Abandoned by the State

Violence, neglect and isolation for children with disabilities in Russian orphanages


Date of publication:  15 Sep 2014 Publisher:  Human Rights Watch Publication type:  Report / Study / Data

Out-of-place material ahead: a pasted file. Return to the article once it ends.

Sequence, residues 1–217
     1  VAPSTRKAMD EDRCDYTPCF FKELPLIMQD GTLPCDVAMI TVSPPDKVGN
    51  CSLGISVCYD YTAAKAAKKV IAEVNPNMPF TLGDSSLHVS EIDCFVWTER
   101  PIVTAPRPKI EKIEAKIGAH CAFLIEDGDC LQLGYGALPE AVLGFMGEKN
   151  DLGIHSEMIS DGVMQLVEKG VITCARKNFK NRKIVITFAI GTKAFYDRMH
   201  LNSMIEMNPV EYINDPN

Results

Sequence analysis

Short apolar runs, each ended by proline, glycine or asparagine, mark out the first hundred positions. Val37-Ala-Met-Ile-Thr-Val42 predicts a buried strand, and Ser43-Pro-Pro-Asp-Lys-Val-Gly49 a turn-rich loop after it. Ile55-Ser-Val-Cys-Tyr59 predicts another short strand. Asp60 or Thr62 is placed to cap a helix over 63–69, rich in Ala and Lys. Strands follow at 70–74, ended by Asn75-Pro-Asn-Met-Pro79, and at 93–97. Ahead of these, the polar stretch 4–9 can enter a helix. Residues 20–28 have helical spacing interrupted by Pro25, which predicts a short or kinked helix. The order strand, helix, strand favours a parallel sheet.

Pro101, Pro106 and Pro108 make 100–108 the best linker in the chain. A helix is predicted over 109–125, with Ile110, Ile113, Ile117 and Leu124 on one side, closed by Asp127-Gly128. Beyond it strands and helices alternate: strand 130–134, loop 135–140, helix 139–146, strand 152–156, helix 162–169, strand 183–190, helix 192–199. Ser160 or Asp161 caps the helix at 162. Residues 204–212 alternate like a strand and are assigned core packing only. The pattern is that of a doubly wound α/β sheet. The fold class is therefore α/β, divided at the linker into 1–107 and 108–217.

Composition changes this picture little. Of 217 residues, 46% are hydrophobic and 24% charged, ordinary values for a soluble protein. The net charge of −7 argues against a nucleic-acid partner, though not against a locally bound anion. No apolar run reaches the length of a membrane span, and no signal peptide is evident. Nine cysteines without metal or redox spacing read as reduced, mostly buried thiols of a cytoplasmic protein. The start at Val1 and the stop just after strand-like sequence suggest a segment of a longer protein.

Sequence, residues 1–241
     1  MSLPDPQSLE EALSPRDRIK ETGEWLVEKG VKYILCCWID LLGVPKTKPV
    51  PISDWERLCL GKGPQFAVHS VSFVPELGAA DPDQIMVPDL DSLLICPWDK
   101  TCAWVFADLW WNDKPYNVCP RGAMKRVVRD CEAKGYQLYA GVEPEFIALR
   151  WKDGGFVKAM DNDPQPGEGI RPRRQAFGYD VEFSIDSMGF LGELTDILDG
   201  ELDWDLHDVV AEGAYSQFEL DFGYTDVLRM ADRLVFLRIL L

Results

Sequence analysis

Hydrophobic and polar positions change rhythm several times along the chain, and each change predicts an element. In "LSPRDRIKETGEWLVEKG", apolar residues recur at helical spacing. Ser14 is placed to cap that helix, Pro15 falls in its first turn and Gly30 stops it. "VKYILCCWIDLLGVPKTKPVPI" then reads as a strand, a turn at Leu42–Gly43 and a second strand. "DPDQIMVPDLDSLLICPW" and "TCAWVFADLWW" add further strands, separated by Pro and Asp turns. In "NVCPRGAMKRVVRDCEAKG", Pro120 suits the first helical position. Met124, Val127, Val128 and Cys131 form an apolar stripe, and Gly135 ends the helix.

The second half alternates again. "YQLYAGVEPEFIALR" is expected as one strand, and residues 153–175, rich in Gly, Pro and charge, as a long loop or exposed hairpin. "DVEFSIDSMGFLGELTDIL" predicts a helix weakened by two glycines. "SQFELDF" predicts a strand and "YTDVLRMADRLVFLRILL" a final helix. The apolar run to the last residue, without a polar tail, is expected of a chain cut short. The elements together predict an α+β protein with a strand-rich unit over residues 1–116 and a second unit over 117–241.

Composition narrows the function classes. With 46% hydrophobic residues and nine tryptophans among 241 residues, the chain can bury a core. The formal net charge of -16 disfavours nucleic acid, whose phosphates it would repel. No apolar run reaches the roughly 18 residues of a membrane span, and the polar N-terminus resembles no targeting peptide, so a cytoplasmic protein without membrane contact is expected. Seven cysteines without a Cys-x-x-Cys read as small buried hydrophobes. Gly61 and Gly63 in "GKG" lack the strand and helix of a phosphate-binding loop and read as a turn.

Every child with a disability in Russia has a significant chance of ending up in a state-run orphanage. Nearly 30 percent of all Russian children with disabilities live separately from their families and communities in closed institutions. These children have a range of impairments, including physical disabilities such as limited mobility, blindness, and deafness; developmental disabilities such as Down’s syndrome; and psychosocial disabilities such as depression, among others. Children with disabilities in state orphanages may be subject to serious abuses and neglect that severely impede their physical, emotional, and intellectual growth. This report is based on visits by Human Rights Watch researchers to 10 orphanages in 6 regions of Russia, as well as on more than 200 interviews with parents, children, and young people currently and formerly living in institutions in these regions in addition to 2 other regions of Russia. Children described how orphanage staff beat them, used physical restraints to tie them to furniture, or gave them powerful sedatives in efforts to control behavior that staff deemed undesirable. Staff also forcibly isolated children, denied them contact with their relatives, and sometimes forced them to undergo psychiatric hospitalization as punishment. Children with disabilities who enter institutions at a young age are unlikely to return to their birth families as a result of the practice of local-level state commissions to recommend continued institutionalization of children. The Russian government has failed to adequately support and facilitate adoption and fostering of children with disabilities, although these types of programs formally exist. As a result, when children with disabilities turn 18 and age out of orphanages, they are overwhelmingly placed in state institutions for adults with disabilities. Staff in many orphanages also fail to provide training and practical knowledge that would give children the skills they need to live independently once they become adults. Children with disabilities living in state institutions may also face various forms of neglect, including lack of access to adequate nutrition, health care and rehabilitation, play and recreation, attention from caregivers, and education. As a result of violence and neglect, children with disabilities in state institutions can be severely physically and cognitively underdeveloped for their ages.

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